“Yes, on my refrigerator! I’ll bring them tomorrow.”
“Please do,” Sue almost shouted.

The next morning Brenda returned to the NW Ohio Prison with the photos. She hurried through security went directly to Sue’s cell and showed her several photos of three happy looking children sitting in Brenda’s front yard after a fishing trip. Sue burst into tears.
“Oh my children, my children! Desiree, Lavon, Miranda! How big they’ve grown. They look so happy. Oh, my children, my children…” and then more sobs.

Coincidence? No. A divine encounter. God set this up so that hardened, depressed, down-and-out Sue could reconnect with her children, and who knows? Connect with God.

I never heard what happened next. Did Sue commit her life to Jesus? Did she become a Christian? Where is she now?

Twenty some years after this happened (2015?) I was singing at an outdoor event in Shipshewana when I noticed a woman in the crowd who looked like Brenda. I took a chance, and from the stage I said, “Brenda?” She looked up. It was Brenda, the prison volunteer! “Did you volunteer with Bill Glass in the ‘90’s?” She nodded.

Before I sang another song, I said, “Folks, let me tell you a story about this lady in the third row,” and I went on to tell about inmate Sue and how volunteer Brenda talked to her through prison bars and discovered that she had kept her children. When I finished the story, I asked, “Sue, did I get it right?” She nodded yes, that was real close. “Have you kept in touch with Sue?” I asked. She shook her head, ‘no’ with a touch of saddness. I still pray for Sue every now and then, when I think of this incident (like right now as I write this).

Bill Bright said, “A successful witnessing experience is when you present the claims of Christ to a person and then leave the results up to God.”

Since we don’t know what happen to Sue, we have no choice but to leave the results up to God. I think He can handle it. But He wants to use you and me to share His love and salvation with the world. “Go into all the world… and I will be with you…” Matt. 28:19


July 2021 Newsletter

I read the obituary of a friend last month. Here is the explanation: “…he died on Tuesday…” That’s all it said. No details, no reason for the death, no accidents or sickness… just simply, “…he died…” And then it went on to tell when he was born, who were his parents, when is the funeral, etc.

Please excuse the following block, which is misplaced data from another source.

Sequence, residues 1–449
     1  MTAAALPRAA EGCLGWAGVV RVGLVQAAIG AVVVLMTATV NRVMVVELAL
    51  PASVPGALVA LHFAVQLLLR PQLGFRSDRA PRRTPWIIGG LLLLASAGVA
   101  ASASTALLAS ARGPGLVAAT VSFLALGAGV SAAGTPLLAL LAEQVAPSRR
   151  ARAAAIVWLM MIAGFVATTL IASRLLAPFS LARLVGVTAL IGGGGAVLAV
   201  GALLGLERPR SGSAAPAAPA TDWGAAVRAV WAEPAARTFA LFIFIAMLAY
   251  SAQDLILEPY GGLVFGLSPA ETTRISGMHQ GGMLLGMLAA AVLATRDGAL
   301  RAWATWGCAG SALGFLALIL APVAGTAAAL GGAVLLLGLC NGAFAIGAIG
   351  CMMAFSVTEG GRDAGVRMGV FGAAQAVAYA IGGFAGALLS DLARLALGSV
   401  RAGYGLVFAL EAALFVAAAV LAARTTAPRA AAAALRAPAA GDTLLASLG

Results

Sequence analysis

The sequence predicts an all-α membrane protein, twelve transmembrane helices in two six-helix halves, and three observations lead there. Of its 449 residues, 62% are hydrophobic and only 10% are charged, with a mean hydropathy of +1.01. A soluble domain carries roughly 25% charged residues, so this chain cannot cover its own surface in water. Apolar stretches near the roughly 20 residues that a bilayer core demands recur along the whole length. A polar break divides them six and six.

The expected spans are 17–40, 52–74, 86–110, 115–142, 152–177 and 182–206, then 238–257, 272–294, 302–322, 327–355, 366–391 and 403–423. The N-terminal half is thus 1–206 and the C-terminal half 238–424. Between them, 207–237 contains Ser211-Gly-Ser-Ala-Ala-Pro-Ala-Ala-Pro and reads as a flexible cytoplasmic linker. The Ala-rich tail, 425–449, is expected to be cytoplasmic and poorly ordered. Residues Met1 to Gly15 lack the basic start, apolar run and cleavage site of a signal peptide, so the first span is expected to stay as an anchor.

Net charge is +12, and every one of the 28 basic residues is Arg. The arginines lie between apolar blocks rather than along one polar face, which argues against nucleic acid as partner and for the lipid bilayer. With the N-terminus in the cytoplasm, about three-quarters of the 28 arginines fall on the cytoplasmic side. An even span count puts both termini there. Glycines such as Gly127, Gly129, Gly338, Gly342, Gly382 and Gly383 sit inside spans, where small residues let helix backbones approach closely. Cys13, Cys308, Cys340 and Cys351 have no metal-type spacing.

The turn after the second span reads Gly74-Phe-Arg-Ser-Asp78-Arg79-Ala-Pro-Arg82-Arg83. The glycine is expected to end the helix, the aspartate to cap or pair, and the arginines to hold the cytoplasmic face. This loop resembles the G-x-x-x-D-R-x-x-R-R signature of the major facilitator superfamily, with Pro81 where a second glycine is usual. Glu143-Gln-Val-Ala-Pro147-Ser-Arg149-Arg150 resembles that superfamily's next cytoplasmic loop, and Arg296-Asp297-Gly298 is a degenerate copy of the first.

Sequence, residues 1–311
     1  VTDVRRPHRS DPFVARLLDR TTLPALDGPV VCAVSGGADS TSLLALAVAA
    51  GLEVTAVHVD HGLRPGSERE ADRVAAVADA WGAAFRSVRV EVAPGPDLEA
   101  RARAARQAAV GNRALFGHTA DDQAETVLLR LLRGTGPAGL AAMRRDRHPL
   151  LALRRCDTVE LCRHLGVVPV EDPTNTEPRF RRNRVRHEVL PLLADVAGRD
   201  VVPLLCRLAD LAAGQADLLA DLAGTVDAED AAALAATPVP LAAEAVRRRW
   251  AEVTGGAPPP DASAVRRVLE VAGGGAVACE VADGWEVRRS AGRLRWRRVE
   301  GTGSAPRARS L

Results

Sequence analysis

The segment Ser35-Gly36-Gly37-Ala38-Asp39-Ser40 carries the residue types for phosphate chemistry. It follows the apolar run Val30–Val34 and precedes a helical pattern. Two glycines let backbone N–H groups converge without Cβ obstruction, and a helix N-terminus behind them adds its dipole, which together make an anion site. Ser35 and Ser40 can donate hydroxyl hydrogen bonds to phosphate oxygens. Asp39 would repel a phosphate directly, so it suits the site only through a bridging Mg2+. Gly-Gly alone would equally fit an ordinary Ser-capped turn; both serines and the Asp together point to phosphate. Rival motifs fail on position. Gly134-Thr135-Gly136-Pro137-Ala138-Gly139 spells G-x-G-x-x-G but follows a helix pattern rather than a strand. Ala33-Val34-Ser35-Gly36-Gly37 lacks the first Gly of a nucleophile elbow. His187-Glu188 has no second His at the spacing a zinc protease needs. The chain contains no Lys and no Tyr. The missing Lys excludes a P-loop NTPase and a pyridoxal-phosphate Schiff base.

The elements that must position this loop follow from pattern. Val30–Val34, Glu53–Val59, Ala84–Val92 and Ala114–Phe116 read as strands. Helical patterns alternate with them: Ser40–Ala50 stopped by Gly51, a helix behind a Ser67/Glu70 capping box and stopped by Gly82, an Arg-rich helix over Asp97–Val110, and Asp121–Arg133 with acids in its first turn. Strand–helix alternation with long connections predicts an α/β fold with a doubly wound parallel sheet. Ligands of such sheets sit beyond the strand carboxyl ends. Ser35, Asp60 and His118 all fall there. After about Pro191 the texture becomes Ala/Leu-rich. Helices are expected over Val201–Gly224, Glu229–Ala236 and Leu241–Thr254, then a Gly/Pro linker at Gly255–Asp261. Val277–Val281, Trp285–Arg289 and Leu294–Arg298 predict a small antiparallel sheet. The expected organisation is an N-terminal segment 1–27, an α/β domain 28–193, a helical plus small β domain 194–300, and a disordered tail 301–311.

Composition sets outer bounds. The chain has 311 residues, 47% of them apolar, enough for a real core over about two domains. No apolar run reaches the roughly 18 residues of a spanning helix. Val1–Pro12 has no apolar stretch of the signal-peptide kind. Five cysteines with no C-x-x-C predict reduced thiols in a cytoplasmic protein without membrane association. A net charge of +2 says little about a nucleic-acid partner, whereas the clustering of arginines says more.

I was telling my daughter that it used to be different. They used to give details. We knew the cause of death by reading the obituary. Today everything is so private. I once called the hospital to see if my mom was still there. “Has Lorain Schmid been discharged?” I asked. “We can’t tell you,” was the response. I was slightly “irked,” so I said, “Ma’am, Let me rephrase that: I’d like to speak with Lorain Schmid.” “She is not here. She was discharged this morning.” (?!)

Part of this seemingly unwarranted (in my opinion) privacy kick is because of laws, some of which are there for good reason, others, you just have to wonder what in the world were they thinking?

I told my daughter about a 1937 obituary from my home area of Moreland, Ohio that told the whole story. Since nobody involved is still living, I will quote directly from the original obituary:

“Lester Burnett, 24, first Wayne County man to operate a passenger-carrying plane from a local airport, ended his life last midnight by firing a bullet from a .22 caliber rifle into his brain. Burnett shot himself at the home of his sweetheart, Myrtle Patterson, daughter of Mr. and Mrs. John C. Patterson, near Moreland. Refusal of Miss Patterson to agree to marry him on her birthday anniversary in June had almost immediately preceeded the shooting.”

The article goes on to explain that Miss Patterson wanted Burnett to have a steady income before she agreed to marry him. Then it gets graphic again:

“Miss Patterson’s father found the young man’s body slumped down in the car seat. Blood flowed from a wound in the forehead. He had evidently shot himself while the girl went upstairs… The coroner pronounced death due to suicide.”